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   Which is more likely – rolling 2 sixes in a row, or rolling
3? Why?

   Which is more likely – flipping heads twice in a row, or
rolling a six? Why do you think so?
Compound Probability
Wednesday 28 November 2007
This week…
•   You should be able to…

 Determine sample spaces
 Count outcomes using combinations and
permutations
 Determine probabilities of compound events

 Determine probabilities in ‘choosing’ problems
A note about ‘or’
   Were you at the mall, or the movies?
   Yep.
   What?
   Yep.

   In real life, ‘or’ is generally exclusive.
   In math, it’s usually inclusive.
   The difference determines whether or not this exchange
makes sense.
The Complement
   The complement is the
case where the event
doesn’t happen.

   It has probability 1 – p.
Unions
   The union of two events is
the sum of all cases where
one or the other takes place.

or
   Events are mutually exclusive if
they can’t both happen.
   Another term for this is
disjoint.

   Eg., Coming to school and
missing school are disjoint
events.
Unions of Events
   The union of 2 events is
the case where one, or
the other, or both
happens.

   Keyword:         OR

   Method:          +
Probabilities of Unions
   If A and B are exclusive, and
can’t both happen, then the
probability of the union is
the sum of the probabilities
of A and B.

   That is, when you’re talking
Probabilities of Unions
   If there’s a 20 % that a
randomly chosen car is
red, and a 14 % chance
it’s white…

   There’s a 34 % chance
that it’s red or white.
Probabilities of Unions
   If we simply add A and
B, we’re going to count
that green part twice.
   So, when we don’t know if events are distinct, the
formula is this:

P(A U B) = P(A) + P(B) - P(A  B)

=           +            -

That is, the probability of the union of A and B is equal to the
probability of A plus the probability of B minus the probability
of their intersection.
For Example
   64 % of homes have garages.
   21 % have swimming pools.
   17 % have both.

   What is the probability that a home has
 A pool or a garage?
 Neither a pool nor a garage?
 A pool but no garage?
Example 1
   A survey of college dorms found that 38 % had
refrigerators, 52 % had TVs, and 21 % had both.

   What is the probability that a randomly-chosen dorm
room will have:
   A TV but no refrigerator?
   A TV or a refrigerator, but not both?
   Neither a TV nor a refrigerator?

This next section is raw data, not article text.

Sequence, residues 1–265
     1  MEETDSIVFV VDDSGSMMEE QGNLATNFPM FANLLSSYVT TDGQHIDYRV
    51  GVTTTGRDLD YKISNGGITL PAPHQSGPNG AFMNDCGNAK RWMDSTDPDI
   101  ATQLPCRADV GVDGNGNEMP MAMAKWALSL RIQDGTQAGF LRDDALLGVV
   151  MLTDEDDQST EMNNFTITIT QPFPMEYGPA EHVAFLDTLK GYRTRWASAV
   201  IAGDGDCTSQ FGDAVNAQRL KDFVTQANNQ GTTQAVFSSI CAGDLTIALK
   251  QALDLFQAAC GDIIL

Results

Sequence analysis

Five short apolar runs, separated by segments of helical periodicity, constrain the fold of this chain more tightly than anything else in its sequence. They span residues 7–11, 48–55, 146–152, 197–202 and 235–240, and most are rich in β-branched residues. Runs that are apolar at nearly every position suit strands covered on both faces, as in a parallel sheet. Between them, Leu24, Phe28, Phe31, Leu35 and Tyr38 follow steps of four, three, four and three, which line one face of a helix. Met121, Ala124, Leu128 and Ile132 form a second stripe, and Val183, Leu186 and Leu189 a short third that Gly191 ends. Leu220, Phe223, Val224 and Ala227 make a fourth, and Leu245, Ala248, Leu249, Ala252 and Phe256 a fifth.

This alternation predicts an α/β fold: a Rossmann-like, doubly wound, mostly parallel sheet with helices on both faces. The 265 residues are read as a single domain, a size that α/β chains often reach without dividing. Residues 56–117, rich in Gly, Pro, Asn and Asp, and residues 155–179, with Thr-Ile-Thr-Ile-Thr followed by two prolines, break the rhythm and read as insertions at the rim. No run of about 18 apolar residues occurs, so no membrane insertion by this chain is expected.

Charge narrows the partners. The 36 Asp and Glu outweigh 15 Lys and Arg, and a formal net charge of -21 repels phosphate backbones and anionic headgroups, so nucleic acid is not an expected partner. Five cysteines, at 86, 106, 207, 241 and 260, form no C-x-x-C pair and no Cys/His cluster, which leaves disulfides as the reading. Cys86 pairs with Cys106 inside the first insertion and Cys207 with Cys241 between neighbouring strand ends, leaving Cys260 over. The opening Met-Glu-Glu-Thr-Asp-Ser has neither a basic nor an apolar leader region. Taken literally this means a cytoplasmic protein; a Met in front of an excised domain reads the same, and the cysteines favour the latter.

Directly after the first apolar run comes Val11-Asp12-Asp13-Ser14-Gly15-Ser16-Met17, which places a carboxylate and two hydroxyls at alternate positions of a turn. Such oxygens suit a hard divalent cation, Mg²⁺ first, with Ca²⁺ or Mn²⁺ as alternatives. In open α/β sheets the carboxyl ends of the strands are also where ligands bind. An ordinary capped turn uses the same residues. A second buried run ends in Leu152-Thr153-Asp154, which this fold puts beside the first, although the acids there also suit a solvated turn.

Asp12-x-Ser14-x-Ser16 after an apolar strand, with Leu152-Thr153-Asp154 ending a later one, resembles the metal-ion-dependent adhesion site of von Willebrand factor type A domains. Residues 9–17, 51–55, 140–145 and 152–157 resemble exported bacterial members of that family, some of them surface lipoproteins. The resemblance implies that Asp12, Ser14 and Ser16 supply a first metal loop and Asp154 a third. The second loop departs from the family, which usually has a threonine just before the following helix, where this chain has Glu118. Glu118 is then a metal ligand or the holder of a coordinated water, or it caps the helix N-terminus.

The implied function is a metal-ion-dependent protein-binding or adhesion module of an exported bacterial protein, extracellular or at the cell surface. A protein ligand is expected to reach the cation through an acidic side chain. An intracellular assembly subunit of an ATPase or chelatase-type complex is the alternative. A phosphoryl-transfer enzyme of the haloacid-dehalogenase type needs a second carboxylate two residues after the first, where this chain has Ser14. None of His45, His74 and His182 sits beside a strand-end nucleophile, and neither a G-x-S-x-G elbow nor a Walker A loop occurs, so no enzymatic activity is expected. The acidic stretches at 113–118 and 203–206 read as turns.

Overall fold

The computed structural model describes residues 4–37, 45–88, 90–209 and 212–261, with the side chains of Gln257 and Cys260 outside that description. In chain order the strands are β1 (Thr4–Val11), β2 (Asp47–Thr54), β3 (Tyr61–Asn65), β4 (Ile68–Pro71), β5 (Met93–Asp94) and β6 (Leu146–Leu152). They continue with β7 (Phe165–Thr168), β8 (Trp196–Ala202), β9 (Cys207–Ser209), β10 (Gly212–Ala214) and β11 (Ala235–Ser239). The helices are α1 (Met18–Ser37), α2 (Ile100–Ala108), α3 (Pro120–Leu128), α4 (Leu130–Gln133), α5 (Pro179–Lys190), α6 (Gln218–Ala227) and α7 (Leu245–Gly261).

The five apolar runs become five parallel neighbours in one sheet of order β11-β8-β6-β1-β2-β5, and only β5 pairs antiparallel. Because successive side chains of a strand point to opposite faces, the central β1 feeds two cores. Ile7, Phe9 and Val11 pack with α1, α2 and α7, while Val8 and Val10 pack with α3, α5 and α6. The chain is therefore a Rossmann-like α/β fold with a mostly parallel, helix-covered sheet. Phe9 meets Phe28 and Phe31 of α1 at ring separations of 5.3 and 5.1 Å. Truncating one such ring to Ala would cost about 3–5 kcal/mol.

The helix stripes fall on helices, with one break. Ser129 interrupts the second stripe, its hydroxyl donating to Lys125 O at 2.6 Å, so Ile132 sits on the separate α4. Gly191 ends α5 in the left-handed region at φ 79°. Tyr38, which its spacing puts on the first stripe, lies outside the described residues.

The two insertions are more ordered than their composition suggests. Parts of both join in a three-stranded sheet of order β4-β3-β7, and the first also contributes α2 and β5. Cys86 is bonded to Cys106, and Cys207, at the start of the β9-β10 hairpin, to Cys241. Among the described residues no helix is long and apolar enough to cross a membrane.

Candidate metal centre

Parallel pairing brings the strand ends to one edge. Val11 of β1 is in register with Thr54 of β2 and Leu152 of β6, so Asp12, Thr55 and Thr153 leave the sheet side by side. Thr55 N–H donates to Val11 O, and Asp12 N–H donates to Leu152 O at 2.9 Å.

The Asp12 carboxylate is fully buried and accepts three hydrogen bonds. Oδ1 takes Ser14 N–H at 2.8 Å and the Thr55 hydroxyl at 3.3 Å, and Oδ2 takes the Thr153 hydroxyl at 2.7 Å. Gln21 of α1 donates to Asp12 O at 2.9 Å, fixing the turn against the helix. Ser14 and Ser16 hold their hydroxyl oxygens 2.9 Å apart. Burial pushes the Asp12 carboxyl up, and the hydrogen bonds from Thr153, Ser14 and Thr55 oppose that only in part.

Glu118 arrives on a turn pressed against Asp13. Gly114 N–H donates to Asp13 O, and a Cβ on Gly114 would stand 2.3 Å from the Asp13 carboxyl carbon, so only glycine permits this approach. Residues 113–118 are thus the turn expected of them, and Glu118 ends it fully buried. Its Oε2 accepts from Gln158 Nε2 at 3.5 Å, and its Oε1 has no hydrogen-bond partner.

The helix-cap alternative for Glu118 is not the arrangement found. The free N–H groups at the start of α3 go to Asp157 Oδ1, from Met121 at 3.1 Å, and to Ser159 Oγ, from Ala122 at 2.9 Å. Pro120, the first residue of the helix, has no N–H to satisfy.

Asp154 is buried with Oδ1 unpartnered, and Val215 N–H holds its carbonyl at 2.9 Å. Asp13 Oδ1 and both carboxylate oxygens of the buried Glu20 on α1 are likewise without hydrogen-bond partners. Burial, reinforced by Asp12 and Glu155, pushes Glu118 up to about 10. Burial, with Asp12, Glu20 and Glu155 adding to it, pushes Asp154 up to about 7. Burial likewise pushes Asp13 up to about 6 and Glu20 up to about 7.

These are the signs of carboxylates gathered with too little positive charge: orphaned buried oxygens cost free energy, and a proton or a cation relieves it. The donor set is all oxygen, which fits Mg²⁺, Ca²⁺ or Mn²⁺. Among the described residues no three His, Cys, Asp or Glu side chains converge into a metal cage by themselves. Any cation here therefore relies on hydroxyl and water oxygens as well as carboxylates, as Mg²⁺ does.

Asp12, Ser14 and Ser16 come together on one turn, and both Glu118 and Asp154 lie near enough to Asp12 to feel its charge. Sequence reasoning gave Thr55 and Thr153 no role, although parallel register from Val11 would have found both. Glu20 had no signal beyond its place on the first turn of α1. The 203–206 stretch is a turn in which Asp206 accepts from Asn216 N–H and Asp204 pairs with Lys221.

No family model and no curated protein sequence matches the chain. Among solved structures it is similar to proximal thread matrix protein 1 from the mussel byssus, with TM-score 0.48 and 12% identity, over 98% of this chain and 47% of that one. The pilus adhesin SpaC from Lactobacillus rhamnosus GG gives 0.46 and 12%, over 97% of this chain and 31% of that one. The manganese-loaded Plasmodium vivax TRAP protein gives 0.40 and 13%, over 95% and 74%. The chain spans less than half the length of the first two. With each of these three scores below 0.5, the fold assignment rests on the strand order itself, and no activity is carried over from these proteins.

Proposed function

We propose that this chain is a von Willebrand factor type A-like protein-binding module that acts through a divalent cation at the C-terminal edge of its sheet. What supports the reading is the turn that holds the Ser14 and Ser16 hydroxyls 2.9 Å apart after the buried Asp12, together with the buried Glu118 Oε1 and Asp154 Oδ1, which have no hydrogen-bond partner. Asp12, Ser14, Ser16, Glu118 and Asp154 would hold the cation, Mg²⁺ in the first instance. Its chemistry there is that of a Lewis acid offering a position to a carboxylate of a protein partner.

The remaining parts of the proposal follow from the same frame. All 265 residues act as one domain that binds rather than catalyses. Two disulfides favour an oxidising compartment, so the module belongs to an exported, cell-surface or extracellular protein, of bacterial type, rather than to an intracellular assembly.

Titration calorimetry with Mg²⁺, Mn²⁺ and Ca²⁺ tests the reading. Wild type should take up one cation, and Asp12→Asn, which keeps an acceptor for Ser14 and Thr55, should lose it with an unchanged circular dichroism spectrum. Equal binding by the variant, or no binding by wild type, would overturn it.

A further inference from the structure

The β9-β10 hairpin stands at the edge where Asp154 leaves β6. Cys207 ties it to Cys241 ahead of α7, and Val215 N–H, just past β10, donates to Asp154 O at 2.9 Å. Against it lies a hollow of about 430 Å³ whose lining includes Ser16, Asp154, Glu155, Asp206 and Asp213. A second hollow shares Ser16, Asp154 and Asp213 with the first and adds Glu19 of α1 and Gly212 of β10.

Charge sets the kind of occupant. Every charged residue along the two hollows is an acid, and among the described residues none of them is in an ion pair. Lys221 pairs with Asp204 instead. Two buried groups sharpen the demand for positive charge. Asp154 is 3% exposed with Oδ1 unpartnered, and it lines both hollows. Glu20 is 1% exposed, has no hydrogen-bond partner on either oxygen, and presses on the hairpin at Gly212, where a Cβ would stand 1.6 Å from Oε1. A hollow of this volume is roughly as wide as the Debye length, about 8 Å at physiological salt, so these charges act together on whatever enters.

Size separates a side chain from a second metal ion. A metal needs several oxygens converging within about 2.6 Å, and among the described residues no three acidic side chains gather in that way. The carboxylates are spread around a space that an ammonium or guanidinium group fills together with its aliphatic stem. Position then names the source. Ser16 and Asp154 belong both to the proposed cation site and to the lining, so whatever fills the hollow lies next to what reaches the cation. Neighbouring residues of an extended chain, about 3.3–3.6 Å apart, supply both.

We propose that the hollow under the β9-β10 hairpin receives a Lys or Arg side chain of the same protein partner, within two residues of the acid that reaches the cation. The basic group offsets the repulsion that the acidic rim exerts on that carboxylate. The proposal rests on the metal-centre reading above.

Example 2
   A survey of high school students found that 44 % had
computers, 21 % had mp3 players, and 14 % have both.

   What is the probability that a high school student has:
   One or the other, but not both?
   Neither an mp3 player nor a computer?
   Just an mp3 player?
   Just a computer?
   One, the other, or both?
Car Repairs
   Reports indicate that over a 1-year period, 17 % of cars will need
one repair, 7 % will need two repairs, and 4 % will need three or
more repairs.

   What is the probability that a car chosen at random will need…
   No repairs?
   No more than 1 repair?
   Some repairs?
   If you own two cars, what is the probability that…
   Neither will need repair?
   Both will need repair?
The Intersection of Two Events
 When  2 or more
things happen.

 Keyword:   AND

 Method:    X
The Intersection of Two Events
   A = “I roll a 4 on a number cube.”
   B = “I choose a club  from a deck
of cards.”
   A  B = “I roll a 4 and choose a
club.”
   If the two events are independent
P(A) = 0.16 and
P(B) = 0.25, then
P(A  B) = 0.16 X 0.25 = 0.04.
Car Repairs
   Reports indicate that over a 1-year period, 17 % of cars will need
one repair, 7 % will need two repairs, and 4 % will need three or
more repairs.

   What is the probability that a car chosen at random will need…
   No repairs?
   No more than 1 repair?
   Some repairs?
   If you own two cars, what is the probability that…
   Neither will need repair?
   Both will need repair?
M&M Colors
Color    Yellow     Red     Orange        Blue     Green    Brown

%         20       20        10           10       10       ???

   If you pick an M&M at                  If you pick three M&Ms in a
random, what is the                     row, what is the probability
probability that…                       that…
 It is brown?                           They are all brown?
 It is yellow or orange?                None are yellow?
 It is not green?                       At least one is green?
 It is striped?
Dice, again.
   You roll a fair die three times. What is the
probability that…
 You roll three 6’s?
 You roll all odd numbers?

 None of your rolls is divisible by 3?

 You roll at least one 5?

 You don’t roll all 5’s?
Summary
   Complement: doesn’t happen
   Method: 1 – p

   Union: one event or the
other
   Keyword: or

   Intersection: both events
   Keyword: and
   Method: multiplication

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